The chefs at J’Hind though, have nearly pulled it off!

An attukal paya, a simple soup made of lamb bones with strong Indian spices was re-imagined with a coconut heavy broth and the spices in a tea bag. Though mild, the memories of attukal paya was unmistakable. A truly wonderful soup with all the elements of a restaurant that tries to add a modern touch to cooking; a little theatre, a little innovation, but staying true to the flavours. On our second visit we got a good prawn soup with the same coconut heavy base, but it didn’t live up to our first visit’s mutton soup.

Yes, I jumped straight to the soup, but you get some pre-appetisers, an amuse-bouche of sorts with a platter of spheres that is now cliche! On the opening night, the galouti had dried out terribly, but thankfully in our second visit, the kebab was juicy. I don’t know why it was served on a plate of fried noodles though. It didn’t do anything to the dish, except maybe making it look slightly prettier.

And then a round of starters, each one vying to grab our attention and space in our tummies. The smoked lamb, no, no liquid nitrogen, but a smoke gun with wood. The smoke just carassed the already beautifully cooked, juicy lamb meat with a tinge or smokiness. Not overwhelming, but simply the right amount to retain its original flavours and add some meaning to the theatrics. That lamb was hard to beat. The liquid nitrogen based theatrics with a frozen bread pappdi chat, with a hint of shahi tukda was interesting. A hard and nearly terrible paneer tikka and a fantastic samosa completed the starters.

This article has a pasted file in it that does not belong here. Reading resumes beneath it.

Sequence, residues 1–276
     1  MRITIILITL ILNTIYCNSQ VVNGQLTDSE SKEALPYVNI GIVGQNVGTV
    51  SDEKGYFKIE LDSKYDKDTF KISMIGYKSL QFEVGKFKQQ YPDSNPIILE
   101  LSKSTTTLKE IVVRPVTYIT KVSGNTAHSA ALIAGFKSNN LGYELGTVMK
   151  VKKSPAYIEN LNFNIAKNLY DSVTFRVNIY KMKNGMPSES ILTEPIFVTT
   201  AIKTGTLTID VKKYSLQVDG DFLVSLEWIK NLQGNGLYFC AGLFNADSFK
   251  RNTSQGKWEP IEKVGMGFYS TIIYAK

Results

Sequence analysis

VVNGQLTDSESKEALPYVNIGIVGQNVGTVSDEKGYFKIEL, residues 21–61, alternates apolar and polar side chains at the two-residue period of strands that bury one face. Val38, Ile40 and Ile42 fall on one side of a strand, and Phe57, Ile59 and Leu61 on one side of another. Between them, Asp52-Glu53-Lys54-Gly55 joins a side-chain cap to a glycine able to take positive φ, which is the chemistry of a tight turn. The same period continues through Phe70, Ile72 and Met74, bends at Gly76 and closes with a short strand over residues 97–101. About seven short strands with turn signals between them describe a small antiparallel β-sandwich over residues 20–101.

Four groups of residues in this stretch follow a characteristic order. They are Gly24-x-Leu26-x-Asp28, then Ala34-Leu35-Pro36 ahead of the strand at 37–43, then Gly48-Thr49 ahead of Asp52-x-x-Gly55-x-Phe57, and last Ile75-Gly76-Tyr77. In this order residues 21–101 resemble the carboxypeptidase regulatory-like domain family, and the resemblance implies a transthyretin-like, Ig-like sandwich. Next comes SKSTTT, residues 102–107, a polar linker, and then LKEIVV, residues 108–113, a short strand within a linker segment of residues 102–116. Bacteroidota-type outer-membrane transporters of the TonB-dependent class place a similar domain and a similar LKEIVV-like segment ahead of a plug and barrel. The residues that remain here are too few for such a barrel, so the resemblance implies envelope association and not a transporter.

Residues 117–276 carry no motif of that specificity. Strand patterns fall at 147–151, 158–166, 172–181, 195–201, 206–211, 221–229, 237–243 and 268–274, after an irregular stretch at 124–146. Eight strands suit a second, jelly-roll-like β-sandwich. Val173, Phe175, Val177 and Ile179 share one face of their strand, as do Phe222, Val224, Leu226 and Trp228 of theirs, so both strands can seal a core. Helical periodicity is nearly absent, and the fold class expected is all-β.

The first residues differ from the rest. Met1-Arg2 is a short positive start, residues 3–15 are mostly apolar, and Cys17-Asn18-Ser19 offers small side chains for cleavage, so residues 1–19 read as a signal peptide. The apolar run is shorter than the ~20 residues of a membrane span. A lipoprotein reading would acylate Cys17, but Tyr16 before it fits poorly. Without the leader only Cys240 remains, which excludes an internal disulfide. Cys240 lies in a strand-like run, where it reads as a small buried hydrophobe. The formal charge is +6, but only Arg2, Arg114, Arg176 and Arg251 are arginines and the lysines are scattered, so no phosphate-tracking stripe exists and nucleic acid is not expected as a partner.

The first of the main courses was a tiny surprise. A bunny chow. Now, I don’t know when a bunny chow got into the kitchens of the nawabs! A molecular version with a tiny bread bowl filled with mutter gravy. Being bite sized, it disappeared in no time at all.

Then came the hits and the misses. Three dishes were spot on. The lamb gravy with a lamb so juicy, it could be reclassified as a beverage! A fish tikka with a fried fish lined up instead of being dunked in the gravy was rather unique. A single large prawn perched on an egg was lip smacking. There was a bread basket with a fabulous dried tomato roti, a saffron roti and paratha. And the hero of the day, the Arcot Biriyani was…….well…..disaster! I guess the rest of the meal set the expectations and expectation don’t go well with biriyani and the biriyani simply did not live up to the rest of the meal and was ordinary at best. In fact, calling it ordinary is doing great service to a terrible biriyani!